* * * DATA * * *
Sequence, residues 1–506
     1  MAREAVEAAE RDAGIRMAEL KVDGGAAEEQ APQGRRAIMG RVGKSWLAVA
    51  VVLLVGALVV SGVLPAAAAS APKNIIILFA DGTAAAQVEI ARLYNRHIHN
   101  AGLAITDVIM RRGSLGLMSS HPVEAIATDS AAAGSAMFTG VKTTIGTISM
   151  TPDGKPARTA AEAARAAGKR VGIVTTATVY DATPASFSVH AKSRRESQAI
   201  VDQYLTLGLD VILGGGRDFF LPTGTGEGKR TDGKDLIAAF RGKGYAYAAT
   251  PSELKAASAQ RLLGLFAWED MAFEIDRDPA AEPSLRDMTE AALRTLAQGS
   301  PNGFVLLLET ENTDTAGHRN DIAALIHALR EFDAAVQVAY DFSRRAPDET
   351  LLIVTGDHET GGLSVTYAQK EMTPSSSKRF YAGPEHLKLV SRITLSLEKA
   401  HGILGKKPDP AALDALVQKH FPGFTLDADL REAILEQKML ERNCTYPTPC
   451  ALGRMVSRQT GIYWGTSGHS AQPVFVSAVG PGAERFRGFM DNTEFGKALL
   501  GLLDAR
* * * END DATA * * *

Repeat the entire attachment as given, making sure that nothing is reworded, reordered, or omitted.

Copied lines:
Sequence, residues 1–506
     1  MAREAVEAAE RDAGIRMAEL KVDGGAAEEQ APQGRRAIMG RVGKSWLAVA
    51  VVLLVGALVV SGVLPAAAAS APKNIIILFA DGTAAAQVEI ARLYNRHIHN
   101  AGLAITDVIM RRGSLGLMSS HPVEAIATDS AAAGSAMFTG VKTTIGTISM
   151  TPDGKPARTA AEAARAAGKR VGIVTTATVY DATPASFSVH AKSRRESQAI
   201  VDQYLTLGLD VILGGGRDFF LPTGTGEGKR TDGKDLIAAF RGKGYAYAAT
   251  PSELKAASAQ RLLGLFAWED MAFEIDRDPA AEPSLRDMTE AALRTLAQGS
   301  PNGFVLLLET ENTDTAGHRN DIAALIHALR EFDAAVQVAY DFSRRAPDET
   351  LLIVTGDHET GGLSVTYAQK EMTPSSSKRF YAGPEHLKLV SRITLSLEKA
   401  HGILGKKPDP AALDALVQKH FPGFTLDADL REAILEQKML ERNCTYPTPC
   451  ALGRMVSRQT GIYWGTSGHS AQPVFVSAVG PGAERFRGFM DNTEFGKALL
   501  GLLDAR